FRIDAY, Oct. 7, 2022 (HealthDay News) — The incidence of diabetes is higher in children and young adults with Down syndrome (DS) compared with the general population, according to a study published online Sept. 30 in Diabetes Care.
Aisha A. Aslam, from the Queen Mary University of London, and colleagues conducted a matched population-based retrospective cohort study to examine the associations of DS with the incidence of diabetes and obesity across the life span using data from the U.K. Clinical Practice Research Datalink from 1990 to 2020. Data were analyzed for 9,917 patients with DS and 38,266 control patients.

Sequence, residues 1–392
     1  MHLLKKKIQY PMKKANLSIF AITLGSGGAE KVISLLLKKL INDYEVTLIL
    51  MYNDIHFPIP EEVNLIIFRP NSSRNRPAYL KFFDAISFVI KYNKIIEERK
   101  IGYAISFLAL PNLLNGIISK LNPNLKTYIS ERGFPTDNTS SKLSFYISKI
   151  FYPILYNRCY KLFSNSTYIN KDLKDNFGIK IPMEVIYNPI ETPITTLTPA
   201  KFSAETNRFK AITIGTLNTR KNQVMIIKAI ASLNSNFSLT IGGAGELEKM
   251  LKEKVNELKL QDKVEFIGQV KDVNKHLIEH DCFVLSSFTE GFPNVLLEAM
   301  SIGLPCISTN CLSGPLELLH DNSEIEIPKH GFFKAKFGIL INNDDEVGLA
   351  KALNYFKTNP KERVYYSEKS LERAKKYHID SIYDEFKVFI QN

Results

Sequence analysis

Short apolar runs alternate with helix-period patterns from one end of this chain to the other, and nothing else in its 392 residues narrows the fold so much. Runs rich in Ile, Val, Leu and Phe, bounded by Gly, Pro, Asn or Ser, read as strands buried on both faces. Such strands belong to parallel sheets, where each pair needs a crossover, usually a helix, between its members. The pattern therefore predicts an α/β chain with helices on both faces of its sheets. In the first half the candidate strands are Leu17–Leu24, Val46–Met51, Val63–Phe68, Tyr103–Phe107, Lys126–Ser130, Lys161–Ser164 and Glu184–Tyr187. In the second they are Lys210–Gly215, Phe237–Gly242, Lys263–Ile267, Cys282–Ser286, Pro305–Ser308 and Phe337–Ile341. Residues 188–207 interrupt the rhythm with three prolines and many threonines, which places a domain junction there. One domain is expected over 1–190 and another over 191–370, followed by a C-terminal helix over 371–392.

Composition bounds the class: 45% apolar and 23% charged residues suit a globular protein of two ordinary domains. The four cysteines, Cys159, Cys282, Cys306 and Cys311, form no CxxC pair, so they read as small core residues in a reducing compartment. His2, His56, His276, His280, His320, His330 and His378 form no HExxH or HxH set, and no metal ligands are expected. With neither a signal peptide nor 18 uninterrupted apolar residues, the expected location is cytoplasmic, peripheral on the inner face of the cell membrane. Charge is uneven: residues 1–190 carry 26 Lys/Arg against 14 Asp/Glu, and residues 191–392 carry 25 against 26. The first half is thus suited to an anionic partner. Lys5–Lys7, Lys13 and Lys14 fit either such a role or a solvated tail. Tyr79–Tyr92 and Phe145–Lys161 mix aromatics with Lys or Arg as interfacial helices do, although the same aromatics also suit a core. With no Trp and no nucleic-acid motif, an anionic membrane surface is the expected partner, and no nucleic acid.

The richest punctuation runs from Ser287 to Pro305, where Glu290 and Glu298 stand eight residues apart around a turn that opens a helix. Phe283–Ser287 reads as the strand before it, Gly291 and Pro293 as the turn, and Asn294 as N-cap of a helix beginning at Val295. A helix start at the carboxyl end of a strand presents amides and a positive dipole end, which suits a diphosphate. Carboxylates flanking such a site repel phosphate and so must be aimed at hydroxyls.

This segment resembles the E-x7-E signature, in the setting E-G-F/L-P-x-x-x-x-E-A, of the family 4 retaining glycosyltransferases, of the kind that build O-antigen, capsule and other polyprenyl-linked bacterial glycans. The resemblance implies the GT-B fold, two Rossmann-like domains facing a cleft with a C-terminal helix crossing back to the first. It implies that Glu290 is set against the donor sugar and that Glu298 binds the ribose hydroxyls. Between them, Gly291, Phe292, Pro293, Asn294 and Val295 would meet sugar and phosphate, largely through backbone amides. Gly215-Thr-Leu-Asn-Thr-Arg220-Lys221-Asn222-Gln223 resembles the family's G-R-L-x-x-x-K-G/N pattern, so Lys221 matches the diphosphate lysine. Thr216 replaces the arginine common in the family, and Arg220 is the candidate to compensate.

The researchers found that patients with DS had higher diabetes rates than controls (incidence rate ratio, 3.67) and peaked at a younger age (median age at diagnosis, 38 versus 53 years). The incidence rates for type 1 diabetes were 0.44 and 0.13 per 1,000 person-years for patients with DS and controls, respectively. Patients with DS had higher rates of type 2 diabetes compared with controls in age groups from 5 to 34 years. The peak mean body mass index was higher and reached at a younger age in patients with DS versus controls. An association was seen for obesity with an increased incidence of type 2 diabetes.
“Our study suggests the need for close monitoring and early identification of diabetes (and obesity) in this susceptible population,” the authors write.
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